Finding the Sweet Spot:
Smarter ethical trade that delivers more for all
24th May 2012
“It was a fitting tribute to the space that Impactt has filled in the ethical trade area over the past 15 years. The event got to some of the key issues and challenges and was successful in managing open and honest discussions.”- Dan Rees, Better Work
24th May was a very special day for Impactt. It was our first ever conference and a hugely successful attempt at convening diverse industry stakeholders to co-create the collective future of ethical trade- a future which makes a real difference for people and businesses around the world.
The 150 participants created an unmistakable buzz in the air. From retailers like Tesco and Marks & Spencer to NGOs like Oxfam and War on Want. From government departments like DFID to multi-stakeholder organisations like ETI. From factory managers in Bangladesh to global investors like CLSA. The audience was mixed and people heard voices they don’t normally hear.
The day kicked off with a moving and honest speech by Nazma Akter, an inspiring trade union leader who started working in the Bangladeshi garment industry at the age of 11. Nazma’s speech set the tone of the day. This wasn’t about getting stuck in the world of risk management. It was about challenging our own boundaries and really asking ourselves what it would take to deliver tangible changes and benefits for the poorest people in global supply chains- in a way which makes sense for business.
Some workshops were reflective and provided a space for people to think differently. Some workshops were hands-on and pragmatic. Participants identified practical ways to move beyond auditing, make progress on living wages and address child labour in formal and informal contexts.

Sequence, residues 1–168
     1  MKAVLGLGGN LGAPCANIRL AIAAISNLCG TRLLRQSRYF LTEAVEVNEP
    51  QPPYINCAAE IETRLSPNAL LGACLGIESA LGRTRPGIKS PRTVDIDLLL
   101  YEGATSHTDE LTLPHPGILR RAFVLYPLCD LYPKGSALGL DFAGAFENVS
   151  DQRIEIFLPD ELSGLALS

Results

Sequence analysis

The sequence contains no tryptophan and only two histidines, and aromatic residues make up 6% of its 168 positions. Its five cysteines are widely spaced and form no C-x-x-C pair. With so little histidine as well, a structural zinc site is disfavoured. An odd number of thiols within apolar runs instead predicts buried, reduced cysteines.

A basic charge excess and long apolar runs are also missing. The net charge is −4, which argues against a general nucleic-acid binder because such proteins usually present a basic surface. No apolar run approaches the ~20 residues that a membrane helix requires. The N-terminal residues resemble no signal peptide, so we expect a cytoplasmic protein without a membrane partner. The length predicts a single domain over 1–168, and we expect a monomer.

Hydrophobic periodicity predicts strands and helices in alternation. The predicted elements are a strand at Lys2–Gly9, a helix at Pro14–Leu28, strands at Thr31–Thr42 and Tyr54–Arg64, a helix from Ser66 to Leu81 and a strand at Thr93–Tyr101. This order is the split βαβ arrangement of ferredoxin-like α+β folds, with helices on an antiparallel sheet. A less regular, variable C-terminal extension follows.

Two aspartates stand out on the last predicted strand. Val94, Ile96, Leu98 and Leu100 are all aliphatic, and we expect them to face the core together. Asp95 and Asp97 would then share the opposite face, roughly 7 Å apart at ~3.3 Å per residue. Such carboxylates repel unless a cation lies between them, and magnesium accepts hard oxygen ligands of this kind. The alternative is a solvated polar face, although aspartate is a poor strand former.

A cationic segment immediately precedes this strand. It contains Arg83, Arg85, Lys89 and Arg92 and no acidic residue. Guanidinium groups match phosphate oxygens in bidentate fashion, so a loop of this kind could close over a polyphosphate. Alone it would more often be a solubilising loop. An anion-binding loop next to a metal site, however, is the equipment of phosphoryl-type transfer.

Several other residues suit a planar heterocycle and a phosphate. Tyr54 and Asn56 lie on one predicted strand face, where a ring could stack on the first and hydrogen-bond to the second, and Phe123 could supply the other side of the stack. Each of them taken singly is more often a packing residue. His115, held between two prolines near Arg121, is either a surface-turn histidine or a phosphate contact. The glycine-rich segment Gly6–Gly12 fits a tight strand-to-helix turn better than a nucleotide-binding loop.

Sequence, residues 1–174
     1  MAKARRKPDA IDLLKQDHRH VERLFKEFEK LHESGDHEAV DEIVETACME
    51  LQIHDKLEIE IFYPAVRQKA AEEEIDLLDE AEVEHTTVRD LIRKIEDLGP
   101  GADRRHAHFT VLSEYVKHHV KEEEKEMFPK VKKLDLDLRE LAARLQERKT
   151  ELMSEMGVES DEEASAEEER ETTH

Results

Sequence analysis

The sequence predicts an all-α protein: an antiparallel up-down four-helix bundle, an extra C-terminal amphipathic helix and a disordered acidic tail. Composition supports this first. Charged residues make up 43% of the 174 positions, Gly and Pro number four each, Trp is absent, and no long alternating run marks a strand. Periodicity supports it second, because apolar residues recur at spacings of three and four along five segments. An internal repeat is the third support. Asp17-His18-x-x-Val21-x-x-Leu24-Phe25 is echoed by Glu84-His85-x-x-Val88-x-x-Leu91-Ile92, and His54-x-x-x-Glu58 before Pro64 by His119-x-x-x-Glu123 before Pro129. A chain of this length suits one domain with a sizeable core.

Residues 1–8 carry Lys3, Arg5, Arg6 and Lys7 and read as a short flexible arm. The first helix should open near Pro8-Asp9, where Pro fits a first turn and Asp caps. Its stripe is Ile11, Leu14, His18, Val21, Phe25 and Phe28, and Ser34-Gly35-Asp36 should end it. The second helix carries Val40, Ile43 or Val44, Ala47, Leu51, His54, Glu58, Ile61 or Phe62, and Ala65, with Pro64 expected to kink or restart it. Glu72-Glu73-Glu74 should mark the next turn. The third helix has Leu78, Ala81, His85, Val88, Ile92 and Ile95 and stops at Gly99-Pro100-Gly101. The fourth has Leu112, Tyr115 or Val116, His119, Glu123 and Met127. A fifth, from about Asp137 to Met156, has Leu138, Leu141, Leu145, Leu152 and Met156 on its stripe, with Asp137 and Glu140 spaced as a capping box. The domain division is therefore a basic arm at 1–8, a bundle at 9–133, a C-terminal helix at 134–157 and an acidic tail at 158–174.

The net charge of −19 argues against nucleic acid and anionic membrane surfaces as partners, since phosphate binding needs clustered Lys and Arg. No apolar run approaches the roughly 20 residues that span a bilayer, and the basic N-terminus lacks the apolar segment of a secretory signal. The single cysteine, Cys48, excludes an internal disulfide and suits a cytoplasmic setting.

Probably the most thought-provoking part of the day was the final panel discussion which saw 6 very different stakeholders (a brand, a supplier, an NGO, a worker representative, an investor and an international organisation) argue about the biggest actions we need to take in order to make a real difference to the lives and livelihoods of people in our supply chain.
Here are some snapshots of the conversation which really capture the essence of the day:
“Buying companies need to recognise that they have to take a wider interest in what happens throughout their supply chain if it’s going to be sustainable- if it’s going to deliver for them, product of the necessary quality, quantity and price for them to continue in their businesses.”
“We need to get away from the expectation that you can sit at one end of the supply chain and expect it to ad infinitum what it has done for the last 50 years. Because the reality is, for lots of small farmers and workers, the market isn’t working. And it needs people in that supply chain to stimulate other forms of activity, whether it’s about worker rights, agricultural investment or market access. It’s up to buying companies to think what are we going to do differently to help those farmers and communities have a more sustainable livelihood for the future.”
“I know 3 large shoe-manufacturers in China. One of them pays their workers higher wages, but it earns the same return on equity (ROE) as the other two who don’t. But in a world where labour law is tightening, the two who treat their workers less well will see their ROE go down. Investors will seek out the business which has a more sustainable return on equity because that share price will maintain and rise over time.”
It was a privilege for Impactt to host this vibrant exchange of thoughts and ideas. We were touched and inspired by the level of passion and commitment in the room to drive ethical trade forward in great leaps and bounds. And we can’t wait to do it again.